Use this URL to cite or link to this record in EThOS: http://ethos.bl.uk/OrderDetails.do?uin=uk.bl.ethos.626055
Title: From the mechanical properties of single cells to those of simple tissues
Author: Harris, A. R.
Awarding Body: University College London (University of London)
Current Institution: University College London (University of London)
Date of Award: 2013
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Abstract:
As interest in biophysics and biophysical modelling has grown in the cell and developmental biology communities, a variety of techniques have been developed to measure the mechanical properties of single cells. Atomic Force Microscopy (AFM) has become one of the preferred methods for these measurements primarily due to its ease of operation and commercial availability. However, measurements on soft cells with a variable surface topography require an additional level of care so that the predicted contact area with the cell surface is accurately estimated. Using combined AFM and confocal microscopy I have shown that with pyramidal tipped cantilevers the cell body can easily deform to the shape of the tip but can also touch the underside of the AFM cantilever beam causing an overestimation of elasticity. Such artefactual increases in contact area could be avoided by using spherical tipped cantilevers or tips with a high aspect ratio. I examined the role of the cytoskeleton and cell contractility in setting single cell stiffness with AFM. With techniques such as AFM, the rheology of single cells is becoming increasingly well characterised. The next logical step in furthering our understanding of organ and embryo mechanics is to scale up investigations to simple tissues such as on cell thick monolayers. I have developed methods to measure the mechanical properties of MDCK epithelial cell monolayers under AFM indentation or planar extension. Using deep indentation of monolayers cultured on soft gels I have measured the evolution of mechanical properties upon the establishment of cell-cell junctions. The relative mechanical stiffnesses of monolayer-gel composites evolve as cell contacts are established and required the formation of mature contractile adherens junctions. To measure the planar mechanical properties of cell monolayers I designed a system to create monolayers freely suspended from their susbstrate between two test rods. Cell monolayers have a higher stiffness than their cellular constituents due to the organisation of the cell cytoskeleton upon the formation of matured intercellular junctions.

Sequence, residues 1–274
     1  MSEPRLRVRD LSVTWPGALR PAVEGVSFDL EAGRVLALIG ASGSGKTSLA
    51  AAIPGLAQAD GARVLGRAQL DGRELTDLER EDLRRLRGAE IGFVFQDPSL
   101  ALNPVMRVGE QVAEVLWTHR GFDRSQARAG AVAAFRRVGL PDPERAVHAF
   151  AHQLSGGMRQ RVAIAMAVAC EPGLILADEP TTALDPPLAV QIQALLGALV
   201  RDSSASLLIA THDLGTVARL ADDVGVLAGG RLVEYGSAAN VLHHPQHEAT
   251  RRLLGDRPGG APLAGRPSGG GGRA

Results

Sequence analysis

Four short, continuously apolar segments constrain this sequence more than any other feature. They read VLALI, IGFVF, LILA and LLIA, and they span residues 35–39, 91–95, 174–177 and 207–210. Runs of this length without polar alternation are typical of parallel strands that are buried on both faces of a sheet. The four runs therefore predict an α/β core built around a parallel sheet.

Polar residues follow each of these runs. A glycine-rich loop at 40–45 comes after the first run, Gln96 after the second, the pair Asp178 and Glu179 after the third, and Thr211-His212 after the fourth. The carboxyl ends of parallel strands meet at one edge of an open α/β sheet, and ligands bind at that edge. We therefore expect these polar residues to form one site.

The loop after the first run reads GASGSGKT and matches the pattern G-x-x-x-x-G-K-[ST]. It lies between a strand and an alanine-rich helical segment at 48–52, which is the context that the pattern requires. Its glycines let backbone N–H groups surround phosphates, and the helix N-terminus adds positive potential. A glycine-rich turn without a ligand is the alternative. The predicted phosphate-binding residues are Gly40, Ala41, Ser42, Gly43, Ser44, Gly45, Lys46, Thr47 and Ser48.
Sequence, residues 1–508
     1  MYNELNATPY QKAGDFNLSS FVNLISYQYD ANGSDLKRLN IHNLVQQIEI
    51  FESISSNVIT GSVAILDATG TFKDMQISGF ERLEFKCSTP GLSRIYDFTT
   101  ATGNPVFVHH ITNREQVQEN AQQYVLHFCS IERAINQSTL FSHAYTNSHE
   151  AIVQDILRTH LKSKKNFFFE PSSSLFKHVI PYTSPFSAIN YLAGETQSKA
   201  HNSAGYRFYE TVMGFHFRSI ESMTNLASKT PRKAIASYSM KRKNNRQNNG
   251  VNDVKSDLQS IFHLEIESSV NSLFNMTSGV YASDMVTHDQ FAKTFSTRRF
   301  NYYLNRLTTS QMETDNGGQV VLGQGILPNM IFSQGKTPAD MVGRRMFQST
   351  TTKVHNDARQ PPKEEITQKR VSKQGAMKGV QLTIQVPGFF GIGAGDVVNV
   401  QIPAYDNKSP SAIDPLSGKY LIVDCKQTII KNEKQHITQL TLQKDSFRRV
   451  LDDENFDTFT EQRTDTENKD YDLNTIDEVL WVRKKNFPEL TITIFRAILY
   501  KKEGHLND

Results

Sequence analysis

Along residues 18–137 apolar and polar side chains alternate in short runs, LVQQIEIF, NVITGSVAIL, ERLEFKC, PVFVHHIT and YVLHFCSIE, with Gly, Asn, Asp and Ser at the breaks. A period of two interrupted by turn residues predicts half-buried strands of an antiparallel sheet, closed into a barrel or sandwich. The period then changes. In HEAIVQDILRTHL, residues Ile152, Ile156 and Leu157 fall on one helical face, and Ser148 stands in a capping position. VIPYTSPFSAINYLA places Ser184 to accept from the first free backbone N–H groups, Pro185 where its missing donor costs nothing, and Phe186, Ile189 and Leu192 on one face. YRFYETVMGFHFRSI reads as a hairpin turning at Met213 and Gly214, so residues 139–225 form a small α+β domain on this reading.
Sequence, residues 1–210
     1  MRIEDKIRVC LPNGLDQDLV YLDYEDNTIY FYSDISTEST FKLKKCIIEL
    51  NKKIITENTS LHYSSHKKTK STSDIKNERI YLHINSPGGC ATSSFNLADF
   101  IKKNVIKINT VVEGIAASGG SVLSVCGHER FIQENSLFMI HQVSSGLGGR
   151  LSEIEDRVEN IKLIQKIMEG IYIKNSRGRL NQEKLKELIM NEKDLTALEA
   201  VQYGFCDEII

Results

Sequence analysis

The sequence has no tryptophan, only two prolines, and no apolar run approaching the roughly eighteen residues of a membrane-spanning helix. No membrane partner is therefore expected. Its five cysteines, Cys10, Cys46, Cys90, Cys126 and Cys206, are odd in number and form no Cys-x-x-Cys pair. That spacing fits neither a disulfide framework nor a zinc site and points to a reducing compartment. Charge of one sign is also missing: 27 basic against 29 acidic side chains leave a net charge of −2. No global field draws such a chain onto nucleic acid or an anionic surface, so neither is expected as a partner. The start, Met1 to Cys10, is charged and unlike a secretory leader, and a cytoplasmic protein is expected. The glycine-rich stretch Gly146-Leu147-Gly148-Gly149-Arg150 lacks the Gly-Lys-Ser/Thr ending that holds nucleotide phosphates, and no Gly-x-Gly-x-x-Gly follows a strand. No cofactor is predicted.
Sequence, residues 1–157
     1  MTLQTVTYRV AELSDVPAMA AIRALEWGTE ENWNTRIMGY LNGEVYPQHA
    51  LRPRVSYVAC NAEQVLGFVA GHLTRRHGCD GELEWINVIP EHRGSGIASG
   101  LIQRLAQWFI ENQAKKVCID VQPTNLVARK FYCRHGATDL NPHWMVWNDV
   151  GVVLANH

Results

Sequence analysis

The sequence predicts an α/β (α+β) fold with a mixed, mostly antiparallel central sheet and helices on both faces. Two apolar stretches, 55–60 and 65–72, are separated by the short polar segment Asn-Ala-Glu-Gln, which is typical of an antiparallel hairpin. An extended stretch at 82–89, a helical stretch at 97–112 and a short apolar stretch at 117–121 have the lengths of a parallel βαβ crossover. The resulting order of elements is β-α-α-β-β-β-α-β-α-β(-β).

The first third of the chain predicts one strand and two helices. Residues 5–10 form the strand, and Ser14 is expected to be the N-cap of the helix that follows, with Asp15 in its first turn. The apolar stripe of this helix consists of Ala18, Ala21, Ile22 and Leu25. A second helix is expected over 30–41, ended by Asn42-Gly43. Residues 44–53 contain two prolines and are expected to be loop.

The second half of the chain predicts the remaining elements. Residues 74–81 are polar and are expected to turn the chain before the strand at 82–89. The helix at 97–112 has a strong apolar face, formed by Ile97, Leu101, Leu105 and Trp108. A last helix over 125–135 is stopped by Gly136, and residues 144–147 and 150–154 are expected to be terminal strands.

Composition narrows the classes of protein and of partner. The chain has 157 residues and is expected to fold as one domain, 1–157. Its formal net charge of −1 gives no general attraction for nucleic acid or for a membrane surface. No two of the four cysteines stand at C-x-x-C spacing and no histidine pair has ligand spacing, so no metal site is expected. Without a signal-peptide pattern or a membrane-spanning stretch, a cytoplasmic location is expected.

Supervisor: Not available Sponsor: Not available
Qualification Name: Thesis (Ph.D.) Qualification Level: Doctoral
EThOS ID: uk.bl.ethos.626055  DOI: Not available
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